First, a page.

September 19, 2023
Children should be treated as children. This principle is at the heart of recent juvenile justice reforms in Maryland, including a provision in the 2022 Juvenile Justice Reform Act (JJRA) that raises the minimum age at which a child can be sent to juvenile delinquency court to 13 years old. But in the case In re MP, a juvenile court held that the law did not apply to a child who was 12 when he allegedly committed a delinquent act because the 2022 law was not in effect at the time. On appeal in the Maryland Supreme Court, the Public Justice Center and allies filed an amicus brief in July arguing that the law does apply retroactively and explaining how subjecting young children to the juvenile justice system is harmful, developmentally inappropriate, and perpetuates racial and gender disparities. On September 8, the Maryland Supreme Court issued an order directing the juvenile court immediately to dismiss MP’s delinquency proceeding on grounds of lack of jurisdiction, applying the JJRA retroactively as MP and the PJC had requested.
The JJRA has roots in the Juvenile Justice Reform Council (JRRC), which the Maryland General Assembly established in 2019 to recommend changes to the state’s juvenile justice system. The JRRC published its final report in January 2021 and, among its conclusions, recommended that the legislature set a minimum age at which children can be treated as delinquent in juvenile court. This reform aimed to prevent very young children from contact with the system. In April 2022, the General Assembly adopted many of the JJRC’s recommendations in the JJRA, including the provision to raise the minimum age of juvenile court jurisdiction to 13, with limited exceptions for certain violent alleged delinquent acts. The legislature specified that the JJRA became effective on June 1, 2022.
The amicus brief in support of MP argued that the juvenile court erred when it ruled that, because the JJRA was not in effect at the time of the alleged behavior, MP can be charged in juvenile court. Written by 2022-2023 Murnaghan Fellow Hayley Hahn, the brief urged that because it is a remedial provision, it applies retroactively. In support of this conclusion, the brief highlighted the JRRC’s findings that the juvenile justice system is a developmentally inappropriate response to alleged misbehavior by young children. Young children can behave impulsively but do not have the same understanding and culpability as adults. Thus, other supportive services are better equipped to address children’s behavior than the punitive delinquency court system. The brief argued that states across the country are increasingly recognizing this and setting a minimum age when kids can face the label of delinquent. The brief also described the harms of subjecting young children to the system, including trauma, increased risk of being subject to violence while in custody, slower adolescent development, and mental health challenges. Finally, the brief described racial and gender disparities in the juvenile system. While white children have the leeway to be impulsive, the same behavior in Black children is too often seen as criminal, with the authorities more likely to treat them like they were adults and lock them up. Law enforcement officials also disproportionately detain girls, including for offenses like violating probation or acts related to trying to escape unsafe conditions at home, and the punishment is often worse if they violate heteronormative standards of appearance or behavior.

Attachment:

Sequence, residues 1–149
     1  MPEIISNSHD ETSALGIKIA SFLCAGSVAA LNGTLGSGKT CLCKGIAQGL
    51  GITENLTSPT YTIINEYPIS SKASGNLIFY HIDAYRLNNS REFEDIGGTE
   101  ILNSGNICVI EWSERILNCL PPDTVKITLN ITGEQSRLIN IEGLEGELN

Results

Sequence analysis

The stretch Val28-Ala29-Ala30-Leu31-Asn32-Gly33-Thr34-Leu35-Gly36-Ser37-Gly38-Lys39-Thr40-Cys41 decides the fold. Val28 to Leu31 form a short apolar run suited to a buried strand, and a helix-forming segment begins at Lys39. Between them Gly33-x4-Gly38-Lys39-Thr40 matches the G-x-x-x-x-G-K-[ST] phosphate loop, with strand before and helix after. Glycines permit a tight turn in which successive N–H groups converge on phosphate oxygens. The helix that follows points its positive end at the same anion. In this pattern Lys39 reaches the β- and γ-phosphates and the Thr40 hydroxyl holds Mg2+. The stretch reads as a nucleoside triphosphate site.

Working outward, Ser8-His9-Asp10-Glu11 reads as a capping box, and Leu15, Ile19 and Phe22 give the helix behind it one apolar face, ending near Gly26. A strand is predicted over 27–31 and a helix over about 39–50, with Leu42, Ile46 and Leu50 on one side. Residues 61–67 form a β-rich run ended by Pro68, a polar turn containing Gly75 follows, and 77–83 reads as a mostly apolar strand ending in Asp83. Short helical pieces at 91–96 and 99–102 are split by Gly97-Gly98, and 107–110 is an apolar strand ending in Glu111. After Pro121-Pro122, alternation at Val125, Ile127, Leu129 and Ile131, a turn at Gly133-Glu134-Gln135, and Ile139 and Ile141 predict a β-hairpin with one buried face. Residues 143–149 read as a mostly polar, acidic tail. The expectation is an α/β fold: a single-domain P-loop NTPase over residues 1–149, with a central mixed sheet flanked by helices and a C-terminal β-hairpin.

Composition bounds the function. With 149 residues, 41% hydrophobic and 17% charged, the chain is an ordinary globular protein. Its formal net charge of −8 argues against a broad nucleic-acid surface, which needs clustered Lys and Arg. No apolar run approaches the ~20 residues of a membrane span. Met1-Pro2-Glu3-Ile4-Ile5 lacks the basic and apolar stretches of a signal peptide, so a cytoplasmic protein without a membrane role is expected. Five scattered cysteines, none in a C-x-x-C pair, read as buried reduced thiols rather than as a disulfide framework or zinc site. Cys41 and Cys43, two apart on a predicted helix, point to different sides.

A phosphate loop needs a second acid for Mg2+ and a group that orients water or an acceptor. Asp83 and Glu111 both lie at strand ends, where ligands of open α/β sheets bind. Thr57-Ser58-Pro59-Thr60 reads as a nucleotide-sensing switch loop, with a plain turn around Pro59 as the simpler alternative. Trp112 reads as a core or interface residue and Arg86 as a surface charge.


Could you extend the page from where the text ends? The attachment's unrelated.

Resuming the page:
In a September ruling, the Maryland Supreme Court agreed that the juvenile system is no place for young children. The high court applied the JJRA retroactively as MP and the PJC had requested and ordered the juvenile court to dismiss MP’s delinquency proceeding because the juvenile court does not have jurisdiction over children younger than 13. The Court’s opinion supporting the order will be issued at a later date. Countless other children in Maryland will have their cases dismissed because of this ruling.
Thank you to the organizations that joined the brief, including the ACLU of Maryland, the Baltimore Action Legal Team, the Center for Children’s Law and Policy, the Gault Center, and the Juvenile Law Center. Many thanks also to PJC paralegal Angelea Aldana Dwyer and Administrative Coordinator Becky Reynolds for their assistance with the brief.